4. Installation Issues
Homeowners who neglect to follow the manufacturer’s sump pump installation instructions risk pump failure and a flooded basement. Make sure the pump is sitting on a solid surface. Clean any dirt or gravel away from the crock bottom to avoid interference with the float switch. In addition, installation of a check valve is recommended to prevent water from flowing back into the impeller. If this happens, it can unscrew off the shaft and malfunction. A small relief hole should also be drilled in the discharge line to release air pressure. Failure to do so will force the pump to work too hard and likely shorten its lifespan.
5. Frozen Pipe
You may not notice a problem with your sump pump operation during the warmer seasons but harsh winter temperatures can lead to all sorts of trouble. Incorrect pipe pitch is the leading cause of blockage. If it’s not angled properly, the water will collect inside and freeze. As the pit fills with water, is prevented from discharging properly and has no place to go, you’ll have a major mess on your hands.
6. Neglecting Maintenance
Sump pumps require very little maintenance but that doesn’t mean “no maintenance.” Manufacturer recommendations vary but it should run every two to three months. During the drier summer season your pump won’t run very often. Forcing it to operate by pouring some water into the crock occasionally will keep everything lubricated and running smoothly. At the very least, make sure you check its operation prior to the rainy season.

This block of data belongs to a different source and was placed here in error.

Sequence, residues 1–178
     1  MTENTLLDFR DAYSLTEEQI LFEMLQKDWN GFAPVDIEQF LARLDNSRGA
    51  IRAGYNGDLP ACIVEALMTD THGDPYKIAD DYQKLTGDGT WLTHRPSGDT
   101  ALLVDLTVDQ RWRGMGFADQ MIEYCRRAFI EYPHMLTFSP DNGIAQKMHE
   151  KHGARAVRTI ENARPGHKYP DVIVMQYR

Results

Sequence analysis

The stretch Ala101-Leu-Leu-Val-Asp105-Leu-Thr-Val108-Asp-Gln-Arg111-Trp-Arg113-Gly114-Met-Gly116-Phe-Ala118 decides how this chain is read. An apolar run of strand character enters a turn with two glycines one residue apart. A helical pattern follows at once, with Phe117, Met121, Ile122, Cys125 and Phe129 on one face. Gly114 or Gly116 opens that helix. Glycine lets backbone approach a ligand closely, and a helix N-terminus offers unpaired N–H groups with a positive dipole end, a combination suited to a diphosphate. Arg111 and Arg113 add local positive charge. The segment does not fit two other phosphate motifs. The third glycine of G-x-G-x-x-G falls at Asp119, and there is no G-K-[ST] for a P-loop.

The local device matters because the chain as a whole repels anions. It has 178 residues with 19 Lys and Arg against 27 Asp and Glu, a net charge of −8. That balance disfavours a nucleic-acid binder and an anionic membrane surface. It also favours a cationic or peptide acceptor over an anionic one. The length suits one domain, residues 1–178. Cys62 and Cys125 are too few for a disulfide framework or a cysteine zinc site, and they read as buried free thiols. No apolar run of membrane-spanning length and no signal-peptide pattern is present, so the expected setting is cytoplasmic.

Some other regular maintenance tips include:
- Make sure the water is discharging outside.
- Look inside the crock to make sure water is being pumped out. A disengaged impeller or backward check valve might be the problem.
- Clean out the discharge pipe air hole.
- Be sure the float is unrestricted and working properly.
- Clean the pump by running a vinegar solution through it.
- Replace the back-up pump battery every three years.
- Listen for odd noises during motor operation.
7. Defective Product
Like any mechanical appliance, there’s always a possibility of a manufacturing defect. While this is a fairly uncommon occurrence, it has happened. Be sure to test the pump’s operation upon initial installation, register the warranty with the manufacturer and retain your receipt for future claims. If you notice a problem, contact the manufacturer immediately. Depending on the warranty terms or time period, you may be entitled to replacement parts or a completely new pump.
8. Old Age
It’s possible that your sump pump will run smoothly for years. Don’t be lulled into a false sense of security and assume you’ll never have any problems. The average lifespan for a residential sump pump is five to seven years. If yours has exceeded that age, consider yourself lucky and replace it before trouble starts. Replacement pumps run between $150 and $400, depending on size and output capacity. If you have enough of installation experience you can complete the project in a couple of hours and save yourself extra installation costs.
Keeping your home and family protected from water damage, flooding and health concerns can be as simple as keeping your sump pump operating properly. By watching for these common problems, you should have years of trouble-free operation. Remember, if you have any questions or just want some additional peace of mind, the professionals at Aquamaster Drain, Plumbing & Waterproofing can provide expert advice. Low-cost maintenance plans, pump replacements and back-up accessories are also available if needed.